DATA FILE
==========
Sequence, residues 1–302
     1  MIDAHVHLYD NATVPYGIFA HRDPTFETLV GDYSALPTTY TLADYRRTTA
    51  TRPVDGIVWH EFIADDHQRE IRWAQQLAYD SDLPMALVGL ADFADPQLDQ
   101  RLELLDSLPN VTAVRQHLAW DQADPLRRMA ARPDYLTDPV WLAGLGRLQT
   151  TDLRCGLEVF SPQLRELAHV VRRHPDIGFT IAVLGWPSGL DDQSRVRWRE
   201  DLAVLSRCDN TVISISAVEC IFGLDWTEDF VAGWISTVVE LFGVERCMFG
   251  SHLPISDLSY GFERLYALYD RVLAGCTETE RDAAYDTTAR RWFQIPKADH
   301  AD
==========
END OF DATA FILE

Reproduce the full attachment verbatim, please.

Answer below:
Sequence, residues 1–302
     1  MIDAHVHLYD NATVPYGIFA HRDPTFETLV GDYSALPTTY TLADYRRTTA
    51  TRPVDGIVWH EFIADDHQRE IRWAQQLAYD SDLPMALVGL ADFADPQLDQ
   101  RLELLDSLPN VTAVRQHLAW DQADPLRRMA ARPDYLTDPV WLAGLGRLQT
   151  TDLRCGLEVF SPQLRELAHV VRRHPDIGFT IAVLGWPSGL DDQSRVRWRE
   201  DLAVLSRCDN TVISISAVEC IFGLDWTEDF VAGWISTVVE LFGVERCMFG
   251  SHLPISDLSY GFERLYALYD RVLAGCTETE RDAAYDTTAR RWFQIPKADH
   301  AD